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Appropriated the lions from "The Ghost and the Darkness", book, legend or movie.

Maneaters


Men told many stories of the lions.

The vocabulary of logic did not impose order on the behaviour of those beasts. Myth spawned to fill the void with the strained tones of human despair: the lions killed for pleasure, and not for need.

Men told stories of the lions hunting against nature's law. Yet in naming the lions as beasts freed from the law, they became emblems of nature incarnate, returning vengeance on the unwary human tread. Fear begat the belief that the lions embodied humanity's conscience and humanity's judgment, given such claws, nature's lethal protest against everything civilization sought to achieve.

Many a listener noted the contradictions inherent between flesh and tale, absorbed as the wonder of myth.

The lions themselves did not care to respond.

The lions were neither true nor ideal exhibits for their species. They were maneless males. On gaining maturity still without their dark mantles, their prides shunned them as forever undeserving of mates, for mane length and thickness marked a male's true pride and right to breed. The names men called them meant nothing. Humans made such small squeaking sounds, lost against the endless roars keeping the lions away from the pride and warmth that should have meant home.

To any lion without pride, the land was hostile, but not unforgiving. Scarcity was not uncommon and not insurmountable. In the flesh of the Ghost, in the fibre of the Darkness, the genetic histories of their ancestors coursed. Proud grandsires and lethal granddames had done the necessary to survive.

One prey was easier to bring down than most, and plentiful.

When the Ghost met his Darkness, necessity became preference.

They had not chosen their solitude. They chose to share it. Proven as males, even without manes, they upheld only each other's company. A shoulder to a shoulder signaled intent. Distracted, an unwary roll down the slope of a hill left them scraped and injured, but only in such minor ways it did not merit the intensive, consoling licks delivered. The first to rise become the first to mount, while the other gave to the comfort of companionship.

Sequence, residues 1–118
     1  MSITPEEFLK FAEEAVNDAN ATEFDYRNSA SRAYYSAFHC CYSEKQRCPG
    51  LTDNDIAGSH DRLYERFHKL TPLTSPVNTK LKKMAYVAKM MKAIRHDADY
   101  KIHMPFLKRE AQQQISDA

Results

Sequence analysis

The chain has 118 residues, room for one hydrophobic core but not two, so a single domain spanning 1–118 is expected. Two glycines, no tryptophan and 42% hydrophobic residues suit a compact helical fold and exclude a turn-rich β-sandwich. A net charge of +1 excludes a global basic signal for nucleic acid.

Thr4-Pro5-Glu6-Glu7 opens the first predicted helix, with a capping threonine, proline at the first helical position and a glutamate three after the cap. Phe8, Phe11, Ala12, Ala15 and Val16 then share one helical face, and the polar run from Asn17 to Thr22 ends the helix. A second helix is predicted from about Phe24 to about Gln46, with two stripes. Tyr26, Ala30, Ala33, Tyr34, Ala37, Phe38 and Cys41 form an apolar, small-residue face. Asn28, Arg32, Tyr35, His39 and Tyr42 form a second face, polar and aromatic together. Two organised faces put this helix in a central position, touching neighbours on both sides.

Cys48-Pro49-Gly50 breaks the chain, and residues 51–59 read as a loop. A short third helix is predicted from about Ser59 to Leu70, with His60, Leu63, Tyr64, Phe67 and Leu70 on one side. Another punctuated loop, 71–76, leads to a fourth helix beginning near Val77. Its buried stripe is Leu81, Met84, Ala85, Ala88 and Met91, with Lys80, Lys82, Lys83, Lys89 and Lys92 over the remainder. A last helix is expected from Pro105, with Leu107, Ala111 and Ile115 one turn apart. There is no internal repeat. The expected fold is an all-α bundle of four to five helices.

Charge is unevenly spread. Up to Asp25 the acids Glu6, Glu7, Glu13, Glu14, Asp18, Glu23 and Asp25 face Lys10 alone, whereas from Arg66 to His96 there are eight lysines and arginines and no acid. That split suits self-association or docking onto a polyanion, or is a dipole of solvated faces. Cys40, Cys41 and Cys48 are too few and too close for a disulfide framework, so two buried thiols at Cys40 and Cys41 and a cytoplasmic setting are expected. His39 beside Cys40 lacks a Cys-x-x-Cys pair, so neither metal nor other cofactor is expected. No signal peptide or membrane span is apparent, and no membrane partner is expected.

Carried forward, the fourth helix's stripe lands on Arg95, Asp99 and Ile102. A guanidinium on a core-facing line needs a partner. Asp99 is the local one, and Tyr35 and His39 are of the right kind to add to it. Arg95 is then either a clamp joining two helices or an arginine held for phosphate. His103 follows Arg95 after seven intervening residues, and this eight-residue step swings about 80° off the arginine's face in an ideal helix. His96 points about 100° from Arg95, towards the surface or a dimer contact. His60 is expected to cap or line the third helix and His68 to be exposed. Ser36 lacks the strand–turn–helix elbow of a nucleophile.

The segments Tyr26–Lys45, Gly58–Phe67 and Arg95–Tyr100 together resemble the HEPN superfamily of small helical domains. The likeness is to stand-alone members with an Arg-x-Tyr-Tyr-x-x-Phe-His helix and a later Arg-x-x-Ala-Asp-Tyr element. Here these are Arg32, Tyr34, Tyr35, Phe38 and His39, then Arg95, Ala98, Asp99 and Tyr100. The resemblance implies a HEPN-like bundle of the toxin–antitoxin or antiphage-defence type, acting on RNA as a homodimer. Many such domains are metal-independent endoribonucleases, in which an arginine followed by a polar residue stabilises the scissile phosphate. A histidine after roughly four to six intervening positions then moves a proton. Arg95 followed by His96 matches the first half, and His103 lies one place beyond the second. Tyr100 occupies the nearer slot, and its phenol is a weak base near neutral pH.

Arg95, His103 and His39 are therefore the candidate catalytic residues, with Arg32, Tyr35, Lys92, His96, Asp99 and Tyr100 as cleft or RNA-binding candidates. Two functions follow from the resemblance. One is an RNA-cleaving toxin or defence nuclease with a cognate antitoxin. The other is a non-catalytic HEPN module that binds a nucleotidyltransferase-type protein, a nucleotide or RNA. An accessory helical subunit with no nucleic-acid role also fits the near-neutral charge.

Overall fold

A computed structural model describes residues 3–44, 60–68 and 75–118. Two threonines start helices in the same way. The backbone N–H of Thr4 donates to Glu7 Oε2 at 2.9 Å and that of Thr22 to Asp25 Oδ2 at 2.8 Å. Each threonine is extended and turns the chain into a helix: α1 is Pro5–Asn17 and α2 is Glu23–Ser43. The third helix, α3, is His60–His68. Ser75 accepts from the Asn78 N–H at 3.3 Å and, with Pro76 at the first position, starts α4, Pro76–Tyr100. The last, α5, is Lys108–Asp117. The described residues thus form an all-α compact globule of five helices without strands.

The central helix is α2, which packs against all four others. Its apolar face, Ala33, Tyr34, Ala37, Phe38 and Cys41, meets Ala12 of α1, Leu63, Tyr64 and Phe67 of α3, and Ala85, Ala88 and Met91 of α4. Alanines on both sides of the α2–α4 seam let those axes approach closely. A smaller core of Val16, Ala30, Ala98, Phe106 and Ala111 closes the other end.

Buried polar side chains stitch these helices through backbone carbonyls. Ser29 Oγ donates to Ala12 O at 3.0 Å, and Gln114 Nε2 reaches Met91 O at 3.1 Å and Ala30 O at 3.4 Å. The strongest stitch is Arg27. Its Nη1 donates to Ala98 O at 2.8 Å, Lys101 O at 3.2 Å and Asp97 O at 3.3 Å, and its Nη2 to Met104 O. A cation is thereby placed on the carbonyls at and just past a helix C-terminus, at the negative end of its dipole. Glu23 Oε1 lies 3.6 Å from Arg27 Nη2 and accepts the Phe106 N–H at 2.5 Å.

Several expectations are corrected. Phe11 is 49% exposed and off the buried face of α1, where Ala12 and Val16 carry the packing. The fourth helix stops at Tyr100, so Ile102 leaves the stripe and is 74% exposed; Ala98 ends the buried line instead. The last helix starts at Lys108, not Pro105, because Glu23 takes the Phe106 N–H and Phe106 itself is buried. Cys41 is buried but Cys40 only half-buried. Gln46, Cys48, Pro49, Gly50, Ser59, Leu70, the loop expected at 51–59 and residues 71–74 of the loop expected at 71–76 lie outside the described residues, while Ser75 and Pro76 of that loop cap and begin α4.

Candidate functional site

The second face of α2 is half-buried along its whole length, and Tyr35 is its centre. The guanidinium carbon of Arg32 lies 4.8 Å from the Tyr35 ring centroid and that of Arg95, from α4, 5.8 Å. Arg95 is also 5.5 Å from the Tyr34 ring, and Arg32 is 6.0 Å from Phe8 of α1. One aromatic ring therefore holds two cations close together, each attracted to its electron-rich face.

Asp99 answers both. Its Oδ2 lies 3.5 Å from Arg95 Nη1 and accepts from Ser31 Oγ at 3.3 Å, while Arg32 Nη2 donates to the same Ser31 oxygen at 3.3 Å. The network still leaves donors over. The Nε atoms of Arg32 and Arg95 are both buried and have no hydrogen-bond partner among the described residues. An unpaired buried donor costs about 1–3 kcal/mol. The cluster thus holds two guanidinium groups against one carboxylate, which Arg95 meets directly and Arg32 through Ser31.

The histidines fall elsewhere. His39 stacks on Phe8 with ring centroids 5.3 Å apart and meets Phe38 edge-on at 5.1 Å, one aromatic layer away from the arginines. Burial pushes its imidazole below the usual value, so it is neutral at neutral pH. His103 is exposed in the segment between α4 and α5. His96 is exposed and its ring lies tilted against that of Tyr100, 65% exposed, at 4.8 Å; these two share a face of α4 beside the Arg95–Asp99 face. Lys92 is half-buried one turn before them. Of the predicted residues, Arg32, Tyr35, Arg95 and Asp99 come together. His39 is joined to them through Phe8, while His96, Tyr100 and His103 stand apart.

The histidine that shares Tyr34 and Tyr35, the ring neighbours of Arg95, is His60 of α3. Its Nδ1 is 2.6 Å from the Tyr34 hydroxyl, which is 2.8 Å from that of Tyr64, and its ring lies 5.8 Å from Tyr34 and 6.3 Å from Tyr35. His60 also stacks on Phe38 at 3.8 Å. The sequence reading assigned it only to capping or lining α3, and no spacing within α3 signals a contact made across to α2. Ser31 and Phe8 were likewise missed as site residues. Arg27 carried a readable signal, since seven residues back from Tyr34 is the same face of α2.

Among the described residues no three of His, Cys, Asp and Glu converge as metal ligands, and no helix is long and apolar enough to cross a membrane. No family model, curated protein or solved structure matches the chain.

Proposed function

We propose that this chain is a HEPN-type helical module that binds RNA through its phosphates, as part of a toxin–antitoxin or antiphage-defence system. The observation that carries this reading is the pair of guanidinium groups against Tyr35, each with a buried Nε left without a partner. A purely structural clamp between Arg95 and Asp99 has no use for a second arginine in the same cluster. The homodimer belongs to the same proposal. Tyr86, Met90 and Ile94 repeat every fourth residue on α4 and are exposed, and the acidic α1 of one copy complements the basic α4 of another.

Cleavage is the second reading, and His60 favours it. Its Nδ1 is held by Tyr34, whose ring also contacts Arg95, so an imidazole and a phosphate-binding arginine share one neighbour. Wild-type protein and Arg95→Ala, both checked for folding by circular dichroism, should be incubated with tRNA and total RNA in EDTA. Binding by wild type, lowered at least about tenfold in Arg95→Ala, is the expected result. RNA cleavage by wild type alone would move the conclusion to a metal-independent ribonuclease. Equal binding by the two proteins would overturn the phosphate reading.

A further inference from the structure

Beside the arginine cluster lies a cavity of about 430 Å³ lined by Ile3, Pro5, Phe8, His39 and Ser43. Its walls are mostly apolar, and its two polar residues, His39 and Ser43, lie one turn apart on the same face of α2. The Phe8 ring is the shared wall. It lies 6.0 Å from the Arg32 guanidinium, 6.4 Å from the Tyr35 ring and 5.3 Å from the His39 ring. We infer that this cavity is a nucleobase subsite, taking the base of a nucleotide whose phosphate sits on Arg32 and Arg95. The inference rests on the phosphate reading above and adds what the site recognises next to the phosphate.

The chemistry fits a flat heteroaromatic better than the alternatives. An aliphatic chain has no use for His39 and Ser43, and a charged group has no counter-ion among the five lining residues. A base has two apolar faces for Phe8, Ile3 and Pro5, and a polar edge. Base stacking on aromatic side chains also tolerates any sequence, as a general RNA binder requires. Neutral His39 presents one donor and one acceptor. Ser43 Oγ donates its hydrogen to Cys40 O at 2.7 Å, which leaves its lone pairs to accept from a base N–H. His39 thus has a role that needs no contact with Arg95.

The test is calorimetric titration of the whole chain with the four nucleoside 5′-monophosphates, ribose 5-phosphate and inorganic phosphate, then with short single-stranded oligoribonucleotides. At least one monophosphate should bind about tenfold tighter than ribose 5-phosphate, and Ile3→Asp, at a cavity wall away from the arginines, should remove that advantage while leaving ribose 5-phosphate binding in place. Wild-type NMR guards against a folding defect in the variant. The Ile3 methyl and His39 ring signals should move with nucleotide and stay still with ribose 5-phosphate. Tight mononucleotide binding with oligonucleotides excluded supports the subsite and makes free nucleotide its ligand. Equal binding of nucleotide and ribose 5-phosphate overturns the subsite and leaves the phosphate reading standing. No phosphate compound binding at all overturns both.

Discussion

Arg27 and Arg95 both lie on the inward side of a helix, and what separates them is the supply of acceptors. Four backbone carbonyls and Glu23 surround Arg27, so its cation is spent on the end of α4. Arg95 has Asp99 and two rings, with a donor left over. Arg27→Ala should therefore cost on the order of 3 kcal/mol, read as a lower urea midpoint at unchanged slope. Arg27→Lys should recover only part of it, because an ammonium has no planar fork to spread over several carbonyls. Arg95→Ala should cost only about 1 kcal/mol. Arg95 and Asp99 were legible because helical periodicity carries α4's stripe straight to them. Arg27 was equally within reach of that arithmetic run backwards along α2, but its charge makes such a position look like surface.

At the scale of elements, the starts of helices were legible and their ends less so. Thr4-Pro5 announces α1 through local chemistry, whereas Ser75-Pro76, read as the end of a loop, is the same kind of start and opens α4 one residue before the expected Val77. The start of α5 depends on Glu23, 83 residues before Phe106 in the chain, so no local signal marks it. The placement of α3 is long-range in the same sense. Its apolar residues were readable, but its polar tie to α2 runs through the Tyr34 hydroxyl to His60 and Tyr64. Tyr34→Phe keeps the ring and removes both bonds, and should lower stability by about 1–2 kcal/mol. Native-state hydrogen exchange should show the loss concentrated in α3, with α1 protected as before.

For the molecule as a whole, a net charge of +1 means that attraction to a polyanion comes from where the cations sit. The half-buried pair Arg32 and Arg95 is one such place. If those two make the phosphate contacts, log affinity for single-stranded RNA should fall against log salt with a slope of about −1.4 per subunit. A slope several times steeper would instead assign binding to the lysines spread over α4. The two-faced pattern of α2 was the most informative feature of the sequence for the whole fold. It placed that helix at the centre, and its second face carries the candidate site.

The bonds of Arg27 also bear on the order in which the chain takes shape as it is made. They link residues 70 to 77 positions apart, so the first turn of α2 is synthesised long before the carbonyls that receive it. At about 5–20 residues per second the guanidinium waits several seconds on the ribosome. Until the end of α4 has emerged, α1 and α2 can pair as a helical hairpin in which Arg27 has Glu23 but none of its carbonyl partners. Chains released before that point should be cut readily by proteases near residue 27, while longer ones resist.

Whatever names men called them, in awe or in horror, the lions disposed of the teller without a qualm.

After a kill, the landscape clung to fur and tongues. They licked red from muzzles and paws like as not their own, full bellies an unusual pleasure, almost pain once the afternoon reached full heat. The angular sun provoked the pair to wander, huffing and discontented, from the grassy ocean of their dozing to climb instead the isolate peninsula of a tree. Experience had taught them the sunset breeze offered greater solace than grassed shade.

The Ghost sought black branches with greater daring, holding drought-dry twigs in a great crackling embrace. On a lower, sturdier branch, the Darkness bestirred himself only to yawn at the tail taunting his whiskers.

A blanket over land and lion both, the dusty heated haze continued.

Time and their nature would always demand they rove. The Ghost rubbed both flanks against a tree, to release fur, sand, scent with the friction. The Darkness watched, inhaled a scent as familiar to him as his own, and licked a hard-baked pad of paw before following. They ranged, always within the span of each other's scent or sight. Such senses for a lion were as close as touch and taste.

Men told such stories of the lions. The limited span of human memory would not allow experience to justify such behaviour, sacrosanct the human belief that whatever had been (within their knowledge, within the fenced boundary of allowed reminiscence) was all there could ever be. Men said the land birthed the lions, unnatural as they were, a bloody vengeance to sire them. Yet the Ghost and the Darkness were born of sire and dame like any other lion; indeed, like any a man. The lions were no supernatural creatures.

Their deaths came as final proof of this fact.

Through the lengths of their lives, the lions had only ever killed out of need.

Simply, their needs were not those to which men were accustomed.

February 2011


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